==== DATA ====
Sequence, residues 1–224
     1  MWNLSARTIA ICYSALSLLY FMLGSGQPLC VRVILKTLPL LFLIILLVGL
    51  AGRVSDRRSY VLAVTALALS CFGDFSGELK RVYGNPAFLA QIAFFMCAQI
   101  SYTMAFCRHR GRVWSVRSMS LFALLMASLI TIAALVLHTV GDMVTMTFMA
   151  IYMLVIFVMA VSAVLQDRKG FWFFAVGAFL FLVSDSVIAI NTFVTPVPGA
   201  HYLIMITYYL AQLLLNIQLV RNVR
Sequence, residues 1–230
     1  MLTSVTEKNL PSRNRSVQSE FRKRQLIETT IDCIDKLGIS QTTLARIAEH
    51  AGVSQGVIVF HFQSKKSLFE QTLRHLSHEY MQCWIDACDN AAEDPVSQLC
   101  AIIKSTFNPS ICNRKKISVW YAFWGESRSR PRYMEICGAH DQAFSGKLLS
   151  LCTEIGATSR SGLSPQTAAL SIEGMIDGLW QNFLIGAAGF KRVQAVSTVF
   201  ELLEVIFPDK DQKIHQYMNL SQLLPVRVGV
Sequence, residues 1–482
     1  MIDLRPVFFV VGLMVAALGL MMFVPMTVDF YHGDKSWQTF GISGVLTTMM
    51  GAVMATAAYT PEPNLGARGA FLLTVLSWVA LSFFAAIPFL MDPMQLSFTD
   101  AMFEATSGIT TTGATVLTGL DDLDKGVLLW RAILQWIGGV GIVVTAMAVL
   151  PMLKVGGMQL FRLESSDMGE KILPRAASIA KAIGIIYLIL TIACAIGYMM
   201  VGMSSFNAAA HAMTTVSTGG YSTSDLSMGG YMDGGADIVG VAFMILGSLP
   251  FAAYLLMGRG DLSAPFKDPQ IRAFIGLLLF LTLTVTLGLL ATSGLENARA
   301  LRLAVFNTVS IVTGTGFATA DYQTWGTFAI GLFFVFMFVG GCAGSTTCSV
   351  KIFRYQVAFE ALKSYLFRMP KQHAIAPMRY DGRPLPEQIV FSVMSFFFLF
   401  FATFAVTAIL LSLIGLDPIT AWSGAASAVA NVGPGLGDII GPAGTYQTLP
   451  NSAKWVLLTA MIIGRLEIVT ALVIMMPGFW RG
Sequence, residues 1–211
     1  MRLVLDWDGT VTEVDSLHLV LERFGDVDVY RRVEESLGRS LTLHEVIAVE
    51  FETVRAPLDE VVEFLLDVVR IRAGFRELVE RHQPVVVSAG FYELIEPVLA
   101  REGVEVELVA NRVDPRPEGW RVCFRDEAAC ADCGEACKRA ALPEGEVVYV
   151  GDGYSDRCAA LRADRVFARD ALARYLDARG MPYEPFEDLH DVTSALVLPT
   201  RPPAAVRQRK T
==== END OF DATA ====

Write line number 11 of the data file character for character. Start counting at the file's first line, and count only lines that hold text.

   151  LCTEIGATSR SGLSPQTAAL SIEGMIDGLW QNFLIGAAGF KRVQAVSTVF